Making Shapes with PSLab Oscilloscope

Looking back to history, the first ever video game was ‘Pong’ which was played on an analog oscilloscope with a very small screen. Oscilloscopes are not made to play video games, but by just tinkering around its basic functionality which is display waveforms, we can do plenty of cool things. PSLab device also has an oscilloscope; in fact it’s a four channel oscilloscope.

This blog post will show you how the oscilloscope in PSLab is not just a cheap oscilloscope but it has lots of functionalities an industry grade oscilloscope has (except for the bandwidth limitation to a maximum of 2 MHz)

To produce shapes like above figures, we are using another instrument available in PSLab. That is ‘Waveform Generator’. PSLab Waveform Generator can generate three different waveforms namely Sine waves, Triangular waves and Square waves ranging from 5 Hz to 5 kHz.

To get started, first connect two jumper wires between SI1-CH1 and SI2-CH2 pins. We needn’t worry about ground pins as they are already internally connected. Now it’s time to open up the PSLab oscilloscope. Here we are going to utilize two channels for this activity and they will be CH1 and CH2. Check the tick boxes in front of ‘Chan 1’ and ‘Chan 2’ and set ‘Range’ to “+/-4V” to have the maximum visibility filling the whole screen with the waveform.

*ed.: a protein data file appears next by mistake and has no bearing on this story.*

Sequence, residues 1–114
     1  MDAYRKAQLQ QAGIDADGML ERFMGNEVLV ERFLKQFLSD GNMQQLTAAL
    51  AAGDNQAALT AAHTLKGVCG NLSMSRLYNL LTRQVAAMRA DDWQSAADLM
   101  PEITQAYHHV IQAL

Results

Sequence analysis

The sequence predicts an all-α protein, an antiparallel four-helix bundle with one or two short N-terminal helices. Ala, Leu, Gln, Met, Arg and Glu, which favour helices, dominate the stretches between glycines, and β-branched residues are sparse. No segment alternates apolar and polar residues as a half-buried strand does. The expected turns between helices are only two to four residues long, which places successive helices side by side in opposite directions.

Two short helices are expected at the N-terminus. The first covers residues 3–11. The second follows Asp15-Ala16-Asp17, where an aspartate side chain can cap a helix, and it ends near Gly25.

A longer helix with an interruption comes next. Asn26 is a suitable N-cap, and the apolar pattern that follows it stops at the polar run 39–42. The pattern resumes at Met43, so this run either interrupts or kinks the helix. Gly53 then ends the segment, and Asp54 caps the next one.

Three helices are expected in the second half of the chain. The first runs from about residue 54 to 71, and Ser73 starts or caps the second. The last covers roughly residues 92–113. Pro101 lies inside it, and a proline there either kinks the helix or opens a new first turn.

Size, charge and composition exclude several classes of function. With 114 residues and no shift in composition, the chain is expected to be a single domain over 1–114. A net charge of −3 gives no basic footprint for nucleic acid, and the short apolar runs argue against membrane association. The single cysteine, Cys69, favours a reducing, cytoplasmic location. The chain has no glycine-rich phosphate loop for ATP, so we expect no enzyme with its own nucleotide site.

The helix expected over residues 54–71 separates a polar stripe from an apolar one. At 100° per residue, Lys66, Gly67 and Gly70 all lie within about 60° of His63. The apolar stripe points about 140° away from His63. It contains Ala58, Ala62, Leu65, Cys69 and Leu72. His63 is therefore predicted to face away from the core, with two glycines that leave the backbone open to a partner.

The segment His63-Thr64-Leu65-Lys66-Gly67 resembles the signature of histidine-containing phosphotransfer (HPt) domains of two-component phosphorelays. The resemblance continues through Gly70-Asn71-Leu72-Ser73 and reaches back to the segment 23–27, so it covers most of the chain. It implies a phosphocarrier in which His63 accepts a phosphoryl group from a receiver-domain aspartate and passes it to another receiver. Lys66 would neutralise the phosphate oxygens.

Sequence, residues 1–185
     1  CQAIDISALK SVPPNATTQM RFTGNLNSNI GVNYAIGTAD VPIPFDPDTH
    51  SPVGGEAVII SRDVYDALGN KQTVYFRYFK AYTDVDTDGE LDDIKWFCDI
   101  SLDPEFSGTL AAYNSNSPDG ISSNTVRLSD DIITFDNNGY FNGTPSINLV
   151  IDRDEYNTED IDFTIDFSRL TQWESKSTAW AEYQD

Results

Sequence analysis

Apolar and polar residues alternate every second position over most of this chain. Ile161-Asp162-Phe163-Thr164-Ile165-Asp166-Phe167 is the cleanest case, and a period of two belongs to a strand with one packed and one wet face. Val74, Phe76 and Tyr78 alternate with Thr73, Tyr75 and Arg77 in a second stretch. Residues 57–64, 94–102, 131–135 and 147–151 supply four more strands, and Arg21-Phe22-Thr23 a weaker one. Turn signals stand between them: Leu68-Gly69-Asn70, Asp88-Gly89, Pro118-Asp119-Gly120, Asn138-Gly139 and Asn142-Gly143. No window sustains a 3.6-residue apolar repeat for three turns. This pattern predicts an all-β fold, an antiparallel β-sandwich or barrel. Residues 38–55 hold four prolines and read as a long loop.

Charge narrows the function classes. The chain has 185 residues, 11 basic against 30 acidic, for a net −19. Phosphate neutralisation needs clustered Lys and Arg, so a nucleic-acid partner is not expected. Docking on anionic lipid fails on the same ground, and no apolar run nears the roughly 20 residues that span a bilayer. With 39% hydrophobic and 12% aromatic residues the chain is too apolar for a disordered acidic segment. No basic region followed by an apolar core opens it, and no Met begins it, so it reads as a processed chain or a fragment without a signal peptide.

The shapes are drawn using a special mode called ‘X-Y Mode’ in PSLab oscilloscope. In this mode, two channels will be plotted against their amplitudes at every point in time.

As it is already mentioned that PSLab can generate many waveform types and also they can have different phase angles relative to each other. They can have different independent frequencies. With all these combinations, we can tweak the settings in Waveform Generator to produce different cool shapes in PSLab oscilloscope.

These shapes can vary from basic geometric shapes such as circle, square, rectangle to complicated shapes such as rhombus, ellipse and polynomial curves.

Circle